• Recently, I was out for a nice, leisurely evening bicycle ride with my wife, our 9 year old nephew and our 12 year old niece.  We were all having a nice time until the kids stopped short, I did not, and I ended up flying over my handle bars.  One broken arm and one broken rib later, it got me wondering how often bicycle crashes occur in this country.

    According to the U.S Department of Transportation and National Highway Traffic Safety Administration:

    1.  In 2010, 618 bicyclists were killed and an additional 52,000 were injured in motor vehicle traffic crashes.1  The average age of the rider was 42.2
    2. 72% of the bicyclist fatalities in 2010 occurred in urban areas and 67% at non-intersections.
    3. The majority of bicyclist fatalities, 28%, occurred between the hours of 4-8pm, with the second highest number, 25%, between the hours of 8-midnight.4
    4. The majority of bicyclists killed in 2010 were males (86%), and the highest number of male fatalities were between the ages of 45 and 54.  The most males injured were between 25 and 34.5
    5. Surprisingly, about 24% of bicylists killed in 2010 had a blood alcohol concentration (BAC) of .01 grams per deciliter or higher, and over 1/5 had a BAC of .08 or higher.  In 2010 34% of crashes involved alcohol involvement – either for the bicyclist or motorist.6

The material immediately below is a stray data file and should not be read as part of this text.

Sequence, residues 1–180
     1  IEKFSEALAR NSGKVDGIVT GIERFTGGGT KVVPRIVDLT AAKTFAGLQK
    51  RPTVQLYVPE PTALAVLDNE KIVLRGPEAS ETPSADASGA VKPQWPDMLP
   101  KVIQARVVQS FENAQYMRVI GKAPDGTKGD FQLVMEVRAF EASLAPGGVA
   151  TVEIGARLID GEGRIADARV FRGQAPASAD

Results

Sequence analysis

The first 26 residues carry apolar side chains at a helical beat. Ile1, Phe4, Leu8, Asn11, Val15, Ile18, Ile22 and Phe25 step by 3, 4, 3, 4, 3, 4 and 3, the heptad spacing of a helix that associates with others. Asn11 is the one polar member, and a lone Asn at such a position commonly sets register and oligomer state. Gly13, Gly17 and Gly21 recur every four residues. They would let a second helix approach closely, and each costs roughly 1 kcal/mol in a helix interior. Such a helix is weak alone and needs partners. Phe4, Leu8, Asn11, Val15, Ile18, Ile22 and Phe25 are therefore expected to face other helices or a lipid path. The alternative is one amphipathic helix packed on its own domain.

6. Alaska had no bicyclist fatalities in 2010 and the District of Columbia had the highest, with 8.3% of the total number of traffic fatalities.  Washington State was at 1.3%, short of the national average of 1.9%.7

    Before getting on your bike:

    1. Make sure you have a properly fitting helmet (mine was the only thing on me that wasn’t scratched when I crashed, ironically).
    2. Obey the rules of the road and check your local municipality for additional bicycling ordinances.  Remember, bicyclists are considered vehicle operators and are subject to all traffic laws, signs and signals.
    3. When riding your bike, use proper hand signals to alert other bicyclists and motor vehicles on the road.  When driving your car, be especially cautious around bicycle riders and even more so around children who are riding bicycles.
    4. Increase your visibility by wearing bright and/or reflective clothing when riding a bicycle, especially at night, and make sure your bicycle is equipped with reflectors on the front and rear, as well as the wheels.
    5. Make sure to properly maintain your bicycle.  This includes checking for loose wheels, making sure the seat is adjusted properly, the brakes are in working order and that the tires are properly inflated every time before you go for a ride.

    If you are injured while riding your bike due to the fault of a motorist, in Washington State you may have coverage under the driver’s policy, if they carried personal injury protection (PIP) coverage.









Display by category